Mr. Coser works hard in another passage to prove that our statements about “discretionary income” were also roseate: “Families with after-tax incomes of over $4,000, according to Fortune, have a supply of ‘discretionary income’ which allows them to spend freely over and above the necessities of food, clothing, shelter, medical care, etc. Such families ‘can take a small flyer in the stock market.’ . . . Were Fortune’s writers to take an occasional trip some sixty blocks further downtown, they would learn that people with this income might sometimes try their luck at the races or with the numbers game, but hardly in the stock market. Indeed, George Katona, in The Powerful Consumer, sets the limits above which income can allow some ‘discretionary spending’ at a more realistic $6,000. . . .”
First of all, it is absurd to talk as though the discretionary-income level were a matter of hard reality, rather than opinion; we all have different notions as to what a necessity is, and Fortune’s mention of a $4,000 dividing line indicated that the figure “has to be set somewhat arbitrarily.” Katona does not attempt to prove that discretionary spending begins only at $6,000; furthermore, his $6,000 figure refers to total income before taxes, while our $4,000 figure is cash income only, after taxes. Since the articles were written, the $4,000 figure has been supported indirectly by the U.S. Labor Department. . . . Contrary to what Mr. Coser would have your readers believe, we did not suggest that a family can “spend freely” just by getting over the $4,000 line; instead, we said that “a family whose income goes up from, say $4,000 to $5,000 has only a limited range of discretion,” and we suggested that a family cannot alter its style of life very successfully until it approaches a range around $7,500. As for stock holdings, it is unclear to me what I am supposed to find by going sixty blocks South. By my calculations, that would get me to about Morton Street, where I happen to know a few big plungers in the market; but if Mr. Coser intends me to end up on Wall Street, then I can report that the New York Stock Exchange says that over a million families with incomes under $3,000 own stock. No doubt many of these families are not really poor, i.e., they are young couples just starting out or retired couples living on savings rather than income (such families always swell the reported low-income figures), and no doubt most of the families don’t own much stock (we never said they did).
I might add that I am fascinated by the logical processes of a reviewer who allows that families just over $4,000 “might sometimes try their luck at the races,” but in the next breath contends that discretionary spending only begins at $6,000.
New York City
Mr. Coser writes:
Mr. Seligman’s letter reached me in Oslo where neither the book under discussion nor some of the statistical materials needed to answer him in detail are available. Hence a few general observations must suffice.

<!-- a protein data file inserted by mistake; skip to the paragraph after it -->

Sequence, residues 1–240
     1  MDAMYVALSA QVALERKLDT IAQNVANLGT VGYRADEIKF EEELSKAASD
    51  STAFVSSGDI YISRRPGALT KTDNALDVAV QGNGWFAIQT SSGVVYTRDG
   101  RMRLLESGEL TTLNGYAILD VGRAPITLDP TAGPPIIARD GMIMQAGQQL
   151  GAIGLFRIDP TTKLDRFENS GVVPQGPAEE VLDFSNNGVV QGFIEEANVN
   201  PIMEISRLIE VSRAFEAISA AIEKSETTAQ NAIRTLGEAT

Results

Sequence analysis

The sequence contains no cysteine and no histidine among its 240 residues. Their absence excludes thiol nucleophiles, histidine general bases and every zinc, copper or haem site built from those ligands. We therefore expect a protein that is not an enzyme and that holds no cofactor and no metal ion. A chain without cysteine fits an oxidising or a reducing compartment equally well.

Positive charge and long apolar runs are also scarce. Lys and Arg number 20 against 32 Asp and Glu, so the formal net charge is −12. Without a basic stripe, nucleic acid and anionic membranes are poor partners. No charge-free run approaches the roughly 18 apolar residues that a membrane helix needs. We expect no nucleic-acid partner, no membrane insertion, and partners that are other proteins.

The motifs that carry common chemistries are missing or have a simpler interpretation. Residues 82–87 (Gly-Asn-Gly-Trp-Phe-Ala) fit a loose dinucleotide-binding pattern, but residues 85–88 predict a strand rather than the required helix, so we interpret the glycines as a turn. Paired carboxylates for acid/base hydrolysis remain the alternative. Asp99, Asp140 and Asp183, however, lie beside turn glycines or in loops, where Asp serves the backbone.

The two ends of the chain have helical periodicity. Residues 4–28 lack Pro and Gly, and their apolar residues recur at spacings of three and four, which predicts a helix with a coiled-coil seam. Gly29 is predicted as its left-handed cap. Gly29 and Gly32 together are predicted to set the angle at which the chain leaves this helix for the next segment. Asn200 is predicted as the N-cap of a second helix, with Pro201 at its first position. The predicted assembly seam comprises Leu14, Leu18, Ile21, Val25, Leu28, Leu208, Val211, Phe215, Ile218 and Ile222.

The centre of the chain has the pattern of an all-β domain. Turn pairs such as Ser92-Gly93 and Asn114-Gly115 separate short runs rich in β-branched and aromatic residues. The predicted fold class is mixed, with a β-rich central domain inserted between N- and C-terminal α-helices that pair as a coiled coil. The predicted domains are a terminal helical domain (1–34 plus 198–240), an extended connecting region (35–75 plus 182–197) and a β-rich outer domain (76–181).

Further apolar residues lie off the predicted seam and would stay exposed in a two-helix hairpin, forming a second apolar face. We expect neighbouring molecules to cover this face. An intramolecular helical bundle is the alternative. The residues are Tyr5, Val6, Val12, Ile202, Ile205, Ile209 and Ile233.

Mr. Seligman does not see why I should have mentioned the persistent under-utilization of our steel capacity since mid-1960 given the fact that the book I reviewed was written in 1959. He misses the point: the book purported to forecast trends in the 60’s; this forecast is so far dismally wrong.
The length of Mr. Seligman’s letter, I cannot help but feel, is directly proportional to the extent of the unease felt in Fortune’s editorial offices about the fact that their predictions square so little with the situation in which we now find ourselves. Granted, these predictions dealt with the decade as a whole; but a prediction that turns out to be rotten so far as the near future is concerned does not inspire much confidence as to its power to forecast the more remote future.
In re that divorce business: Mr. Seligman lacks a sense of humor; perhaps he worries too much.
When I used the terms “only” and “really” in connection with Fortune’s discussion of poverty, I did not mean to quote directly but rather to suggest the complacency with which Fortune regards the situation. Mr. Seligman now reiterates that “it’s not as bad as it looks.” This is precisely what I meant with the midtown view of economic realities. Mr. Seligman should go to one of the depressed areas or, say, to the Puerto Rican and Negro areas of New York City, either uptown or downtown, and tell people that “it’s not as bad as it looks”—he will get some surprising reactions. I for one find such smug complacency about other people’s fate insufferable.
Congress, Presidential messages, newspaper headlines talk almost daily about depressed areas, lapsed unemployment compensations, low minimum wages, and so on. In view of this, Fortune’s roseate forecast is ludicrously inaccurate, and its moral callousness is appalling.
Of course, definitions of poverty as well as the determination of income levels beyond which discretionary spending becomes possible is partly a matter of opinion. But I find it as revealing that Fortune considers that family income above $2,000 does not indicate poverty when most studies use higher figures, as I find it indicative that Fortune uses a $4,000 dividing line for discretionary spending when most other studies use a higher figure. This seems at least prima facie evidence of systematic bias.